Hardeep Singh Puri’s conclusions suggest that careful planning can help international actors avoid disastrous unintended, but not entirely unpredictable consequences. This is a valuable guidance for not only policymakers but business leaders and investors as well.
Outside of the P5, the 15 seats on the UN Security Council rotate for two-year staggered terms. India, with the world’s second largest population, ended its most recent rotation in 2013, its seventh since 1950. During this time, India’s delegation was led by Hardeep Singh Puri. His new critique of the United Nations Security Council delivers insight into many of the global challenges the international community is confronted with today.
As Ambassador Puri reports, the Arab Spring of 2011 brought hope to the many on the Council. However, the months to follow would see the start of the Syrian civil war, the overthrow of Gaddafi, and the destabilization of Yemen. Each of these situations forms core chapters of Perilous Interventions: The Security Council and the Politics of Chaos, his engaging memoir of the 2011 to 2013 period during which India sat on the Security Council. Chapters on Crimea and Sri Lanka are also included, as well as two conceptually focused ones on the migration crisis and the doctrine of the responsibility to protect. Introductory chapters on the troubled consequences of interventions in recent decades and an overview of the Arab Spring round out the book’s contents.
The general message of the book is clear: interventions are hard work, they often have significant unintended consequences, and most of the time the global community seem to get stuck in interventions where it should stay out (and stays out of situations it should enter). For Ambassador Puri, two questions follow, each of which is laid out early in the book: Why do countries seem to pursue policies counter to their interests? Why do countries, not just rich one, interfere in the affairs of other regimes?
The need for many of these interventions can be attributed to good intentions. While states clearly abuse conventions of international law, one need not assume nefarious motives to explain the occurrence of perilous interventions. He suggests that in some ways, our best motives can lead us astray. For example, three pillars support the responsibility to protect that is at the core of collective international security. First, states have a duty to protect populations from horrors of the 20th century like genocide, war crimes, and ethnic cleansing. Second, states are responsible for giving others assistance for building capacity to support economic and social development. Finally, when harms occur, states are obliged to swift and timely action. The desire for quick action is often a particular problem – actions that proceed a careful framework can often lead to unintended consequences. At other times, action is fettered by carefully crafted triggers, which can initiate action only when a specific state of affairs is achieved. Unfortunately, these triggers seem to be pulled without comprehensive and judicious analysis of their consequences.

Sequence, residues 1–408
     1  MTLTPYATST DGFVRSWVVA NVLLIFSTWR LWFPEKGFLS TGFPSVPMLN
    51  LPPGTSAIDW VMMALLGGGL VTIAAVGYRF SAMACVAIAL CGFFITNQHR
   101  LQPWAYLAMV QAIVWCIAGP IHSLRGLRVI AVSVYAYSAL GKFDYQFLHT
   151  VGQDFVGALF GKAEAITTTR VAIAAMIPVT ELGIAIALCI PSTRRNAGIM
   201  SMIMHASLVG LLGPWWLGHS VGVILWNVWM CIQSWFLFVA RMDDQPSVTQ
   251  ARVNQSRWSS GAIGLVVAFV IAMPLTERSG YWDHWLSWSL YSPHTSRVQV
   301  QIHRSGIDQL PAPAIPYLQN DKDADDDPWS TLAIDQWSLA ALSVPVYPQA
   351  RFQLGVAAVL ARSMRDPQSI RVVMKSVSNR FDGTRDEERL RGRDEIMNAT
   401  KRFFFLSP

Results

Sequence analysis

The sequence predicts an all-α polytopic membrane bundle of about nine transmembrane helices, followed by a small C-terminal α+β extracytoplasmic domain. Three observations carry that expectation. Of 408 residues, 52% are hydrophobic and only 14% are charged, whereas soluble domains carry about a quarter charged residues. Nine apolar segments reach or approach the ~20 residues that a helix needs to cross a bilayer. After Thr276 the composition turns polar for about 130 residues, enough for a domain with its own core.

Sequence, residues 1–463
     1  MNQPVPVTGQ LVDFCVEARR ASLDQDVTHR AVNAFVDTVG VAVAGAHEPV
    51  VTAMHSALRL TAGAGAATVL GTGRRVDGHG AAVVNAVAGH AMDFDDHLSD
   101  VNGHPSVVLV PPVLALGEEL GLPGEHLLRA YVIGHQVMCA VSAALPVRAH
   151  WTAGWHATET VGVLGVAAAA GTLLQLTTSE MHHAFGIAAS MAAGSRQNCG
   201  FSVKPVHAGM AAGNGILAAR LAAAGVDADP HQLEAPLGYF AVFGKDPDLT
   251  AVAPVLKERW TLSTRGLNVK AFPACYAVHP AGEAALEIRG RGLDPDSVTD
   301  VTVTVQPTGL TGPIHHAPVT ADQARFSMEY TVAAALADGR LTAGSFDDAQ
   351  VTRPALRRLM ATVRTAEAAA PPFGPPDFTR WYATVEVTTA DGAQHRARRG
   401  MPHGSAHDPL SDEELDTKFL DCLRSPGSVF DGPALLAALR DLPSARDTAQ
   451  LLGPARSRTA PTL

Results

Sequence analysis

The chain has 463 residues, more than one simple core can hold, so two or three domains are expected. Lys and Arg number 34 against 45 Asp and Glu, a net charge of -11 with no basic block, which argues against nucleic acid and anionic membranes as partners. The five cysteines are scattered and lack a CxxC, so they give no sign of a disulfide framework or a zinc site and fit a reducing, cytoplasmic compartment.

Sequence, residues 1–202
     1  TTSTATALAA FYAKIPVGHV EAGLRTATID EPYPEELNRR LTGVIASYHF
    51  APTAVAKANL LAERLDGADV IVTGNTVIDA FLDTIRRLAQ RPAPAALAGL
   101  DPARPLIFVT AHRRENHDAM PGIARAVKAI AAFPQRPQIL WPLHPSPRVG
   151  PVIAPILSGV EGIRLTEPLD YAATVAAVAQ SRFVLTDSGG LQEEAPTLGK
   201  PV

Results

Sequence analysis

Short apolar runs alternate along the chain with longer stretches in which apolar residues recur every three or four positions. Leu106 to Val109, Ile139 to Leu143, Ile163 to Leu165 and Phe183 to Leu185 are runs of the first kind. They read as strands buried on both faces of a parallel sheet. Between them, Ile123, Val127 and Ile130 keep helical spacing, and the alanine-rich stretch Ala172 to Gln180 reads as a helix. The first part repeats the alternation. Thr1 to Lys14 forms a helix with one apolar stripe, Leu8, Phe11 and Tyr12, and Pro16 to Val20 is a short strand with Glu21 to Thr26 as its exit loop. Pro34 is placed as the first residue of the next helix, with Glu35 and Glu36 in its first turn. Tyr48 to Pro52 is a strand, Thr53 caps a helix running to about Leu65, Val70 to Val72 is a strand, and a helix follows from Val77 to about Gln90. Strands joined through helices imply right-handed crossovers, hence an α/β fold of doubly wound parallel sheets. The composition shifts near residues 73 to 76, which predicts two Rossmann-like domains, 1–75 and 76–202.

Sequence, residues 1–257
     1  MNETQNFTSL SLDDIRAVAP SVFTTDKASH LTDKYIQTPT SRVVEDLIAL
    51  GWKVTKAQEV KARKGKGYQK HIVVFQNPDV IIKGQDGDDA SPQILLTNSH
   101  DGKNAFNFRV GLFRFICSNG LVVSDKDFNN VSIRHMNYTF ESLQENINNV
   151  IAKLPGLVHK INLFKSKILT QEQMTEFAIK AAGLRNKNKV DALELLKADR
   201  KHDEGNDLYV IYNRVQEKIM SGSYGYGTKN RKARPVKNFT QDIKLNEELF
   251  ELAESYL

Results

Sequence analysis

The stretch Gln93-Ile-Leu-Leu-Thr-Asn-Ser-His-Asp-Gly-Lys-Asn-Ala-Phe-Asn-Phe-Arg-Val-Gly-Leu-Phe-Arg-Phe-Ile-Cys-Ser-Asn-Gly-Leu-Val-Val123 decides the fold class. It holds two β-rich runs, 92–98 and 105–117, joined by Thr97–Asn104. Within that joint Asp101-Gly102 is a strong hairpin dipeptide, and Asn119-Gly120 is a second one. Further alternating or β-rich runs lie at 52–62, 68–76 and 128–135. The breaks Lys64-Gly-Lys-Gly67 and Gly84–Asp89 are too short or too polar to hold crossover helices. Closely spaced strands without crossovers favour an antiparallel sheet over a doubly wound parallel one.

While the reader never gets an entirely satisfactory answer to the questions set forth at the outset, they do get some insight into where plans can go astray. The long chapters on the Arab Spring and the collapse of the Gaddafi regime are particularly rich. The other, shorter chapters also each show how interventions are often very different, and they all point to several lessons.
History is often less of a guide than the reader might think. Although there are often superficial similarities between present and past events, historical parallels can obscure unique and important issues that must be handled with care. When speed of action is prioritized, scenario planning is cut short and secondary or tertiary effects are not considered. The events have unintended consequences, and without careful contingency planning, events can easily get out of hand.
The upshot seems to be guidance towards a cautious approach that seeks a pause in action to think through unintended consequences. This guidance is for members of the UN Security Council, but given the start of 2017, it doesn’t look like many global actors are taking these lessons seriously. For example, the current US administration’s policy on Syria or North Korea is less than obvious, suggesting to some that current action and rhetoric is not part of a part of a larger strategy. For Ambassador Puri the risk is that interventions such as these will lead to perilous interventions.
Although the exact context may be different, the lessons for political actors work just as well for investors and business leaders. The last six months have given good reason for investors to update their contingency plans, but they should be updated to consider secondary or tertiary effects. Hasty market entries or retreats, product roll outs or portfolio pruning can all fall prey to the consequences associated with perilous interventions. Many of these risks can be mitigated in the same way. If he were addressing this audience, the Ambassador might well conclude by guiding readers to slow down, scenario plan, act carefully and have a contingency plans in place.